Resources industry advice - plan well and maximise the benefits of EEO Cycle 2

20 Jun 2012Archived News Climate Change Matters

EEO is essentially a continuous improvement process.  The energy efficiency opportunities identified should align with your organisation's strategic objectives and business improvement processes. 

What’s changed from EEO Cycle 1?

1. Assessment Plans: Formerly the Assessment and Reporting Schedule, or ARS, the Plans set out the energy consumption of the corporation and individual sites. They also set out the timetable for assessments to occur and the gaps identified in each of the Key Elements, with action plans to address those gaps.

In terms of coverage, the major change for the second cycle is that 90% of the corporate energy use must be assessed which is up from 80% required in the first cycle.

Corporations have the ability to omit “non-integral energy” from the assessment if the cost of completing the assessment is likely to be greater than the potential energy savings that may result. This can only be done up to the lower of 0.1 PJ/year or 2% of total energy consumption. These omissions from the assessment must be documented in the Assessment Plan, and the corporation must still assess 90% of total energy use.

As in the first cycle, there are requirements related to the timing of site assessments in the first two years of the cycle.  However, corporations now have the choice of completing at least one assessment for each member / business unit / key activity or assessing a minimum of 40% of the corporation’s energy use within two years (i.e. by 30 June 2013 for most corporations).

2.  EEO assessments:  While the structure of EEO assessments is unchanged, there have been minor changes to improve clarity. There is now a distinction between an idea and an opportunity. An idea is a potential opportunity that hasn’t undergone a whole of business technical evaluation. An opportunity is a change that has been investigated and will provide a reduction in energy consumption with a payback of less than four years. 

These definitions will assist in effective screening of the outcomes of improvement identification processes. A number of ideas will be able to be screened out early in the process (or during the assessment itself).

3.  Energy mass balances: There have been some small changes. The energy-mass balance must still cover 80% of energy usage at a particular site to an accuracy of ±5% and all processes that use more than 0.1 PJ/year must be individually shown. It is possible to use an accuracy of less than ±5%  (e.g. for sub-processes that consume more than 0.1 PJ/year but are not metered, such as boiler stacks, heat loss from mills etc) but this must be justified with engineering calculations.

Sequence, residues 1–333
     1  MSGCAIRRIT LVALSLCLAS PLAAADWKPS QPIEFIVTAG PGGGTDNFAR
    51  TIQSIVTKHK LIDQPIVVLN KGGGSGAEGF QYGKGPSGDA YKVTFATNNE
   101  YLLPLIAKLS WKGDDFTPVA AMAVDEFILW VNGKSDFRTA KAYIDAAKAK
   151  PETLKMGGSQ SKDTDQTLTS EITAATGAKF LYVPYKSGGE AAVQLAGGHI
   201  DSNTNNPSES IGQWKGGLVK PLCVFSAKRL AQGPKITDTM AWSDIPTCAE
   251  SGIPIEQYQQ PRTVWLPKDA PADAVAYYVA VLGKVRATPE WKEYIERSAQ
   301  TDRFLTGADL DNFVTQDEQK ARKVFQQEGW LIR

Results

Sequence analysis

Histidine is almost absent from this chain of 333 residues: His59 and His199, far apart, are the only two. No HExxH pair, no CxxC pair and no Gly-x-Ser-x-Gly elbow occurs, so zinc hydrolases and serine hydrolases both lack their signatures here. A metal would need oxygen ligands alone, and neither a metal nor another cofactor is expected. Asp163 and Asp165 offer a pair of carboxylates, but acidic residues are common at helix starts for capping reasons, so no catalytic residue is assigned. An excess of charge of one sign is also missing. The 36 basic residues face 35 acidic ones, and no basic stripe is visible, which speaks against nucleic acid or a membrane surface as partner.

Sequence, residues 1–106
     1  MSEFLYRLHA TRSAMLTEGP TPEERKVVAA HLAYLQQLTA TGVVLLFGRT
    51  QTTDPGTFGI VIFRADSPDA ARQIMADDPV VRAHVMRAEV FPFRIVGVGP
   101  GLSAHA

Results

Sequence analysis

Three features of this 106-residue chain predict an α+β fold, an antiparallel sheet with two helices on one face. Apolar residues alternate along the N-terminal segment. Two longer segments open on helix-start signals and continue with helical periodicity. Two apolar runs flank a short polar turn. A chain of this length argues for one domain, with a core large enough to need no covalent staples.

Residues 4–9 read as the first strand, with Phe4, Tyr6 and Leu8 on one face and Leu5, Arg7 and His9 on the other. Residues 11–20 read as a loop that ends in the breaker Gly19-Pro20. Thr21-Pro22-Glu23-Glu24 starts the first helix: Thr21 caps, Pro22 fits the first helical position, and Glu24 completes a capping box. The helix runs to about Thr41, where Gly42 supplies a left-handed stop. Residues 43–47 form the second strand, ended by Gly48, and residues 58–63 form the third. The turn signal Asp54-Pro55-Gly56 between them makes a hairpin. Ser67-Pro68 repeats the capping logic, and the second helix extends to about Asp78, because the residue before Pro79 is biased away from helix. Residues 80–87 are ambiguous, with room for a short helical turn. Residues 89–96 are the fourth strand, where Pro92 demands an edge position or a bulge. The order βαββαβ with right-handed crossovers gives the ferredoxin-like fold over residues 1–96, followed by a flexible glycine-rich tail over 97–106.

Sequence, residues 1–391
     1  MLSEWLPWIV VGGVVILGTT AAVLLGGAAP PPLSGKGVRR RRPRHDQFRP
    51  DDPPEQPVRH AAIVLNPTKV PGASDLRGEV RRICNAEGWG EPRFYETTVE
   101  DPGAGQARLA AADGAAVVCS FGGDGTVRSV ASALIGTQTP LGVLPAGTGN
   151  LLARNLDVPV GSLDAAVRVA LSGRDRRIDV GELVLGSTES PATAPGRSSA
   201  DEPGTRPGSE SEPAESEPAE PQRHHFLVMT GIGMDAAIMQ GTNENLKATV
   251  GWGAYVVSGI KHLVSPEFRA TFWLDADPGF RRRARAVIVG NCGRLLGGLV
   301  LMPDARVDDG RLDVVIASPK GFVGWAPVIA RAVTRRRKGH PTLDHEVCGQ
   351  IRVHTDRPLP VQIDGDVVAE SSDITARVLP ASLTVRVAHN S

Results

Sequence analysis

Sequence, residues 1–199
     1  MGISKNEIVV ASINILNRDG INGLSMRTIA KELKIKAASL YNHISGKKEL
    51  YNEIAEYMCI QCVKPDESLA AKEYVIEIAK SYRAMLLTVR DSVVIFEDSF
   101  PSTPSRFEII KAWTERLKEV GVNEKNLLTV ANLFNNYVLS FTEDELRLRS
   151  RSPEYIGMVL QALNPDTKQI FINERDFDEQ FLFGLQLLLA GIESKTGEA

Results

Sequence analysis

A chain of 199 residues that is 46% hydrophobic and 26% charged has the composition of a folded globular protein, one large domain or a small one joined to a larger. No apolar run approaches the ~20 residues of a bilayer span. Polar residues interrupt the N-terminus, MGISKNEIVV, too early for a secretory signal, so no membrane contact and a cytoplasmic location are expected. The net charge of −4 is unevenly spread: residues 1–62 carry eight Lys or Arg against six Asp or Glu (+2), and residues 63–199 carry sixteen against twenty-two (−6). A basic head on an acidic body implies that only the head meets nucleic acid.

The new requirements will increase the complexity of energy-mass balances in some cases.  A useful explanatory booklet has been provided by DRET.

4.  Reporting: Minor changes have been made to the reporting timelines. Reports are now due within 30 months of the cycle beginning (which will be 31 December 2013) and subsequent reports due 12 monthly after the initial report. The implication is that corporations may select their own reporting period (it does not necessarily need to be financial or calendar year).

If your corporation has not yet submitted (and obtained DRET approval for) an Assessment Plan for the second cycle, an annual public report is required containing updated information relating to the activities undertaken in accordance with the Assessment and Reporting Schedule for the first cycle.


When preparing your Assessment Plan, Energetics recommends that existing systems are leveraged as much as possible. Aligning the content of the Assessment Plan with existing Business Improvement, Continuous Improvement or other project management systems will ensure that the program proceeds smoothly and the need to maintain parallel systems for opportunity identification and reporting is minimised. 

You should bear in mind that the deadline for submission and approval of Assessment Plans is 31 December 2012. DRET’s preference is to receive Assessment Plans as early as possible.

We recommend that a high level desktop audit of EEO systems and processes from the first cycle is undertaken. DRET has made the verification handbook available to corporations. Any gaps in compliance should be addressed through the Assessment Plan process.

Following approval of your Assessment Plan by DRET, your EEO team should execute your planned schedule of site assessments aiming to achieve:

• maximum savings and a platform for continuous improvement processes 

• coordinated energy management and engagement at corporate and site levels

• leverage internal expertise to add value and capture knowledge

• generate EEO report outcomes that feed into multiple Federal and State schemes

Energetics has seen great value in combining the objectives of EEO with the generation of broader carbon abatement cost curves for the prioritisation of opportunities to reduce your exposure to increasing carbon and energy costs.

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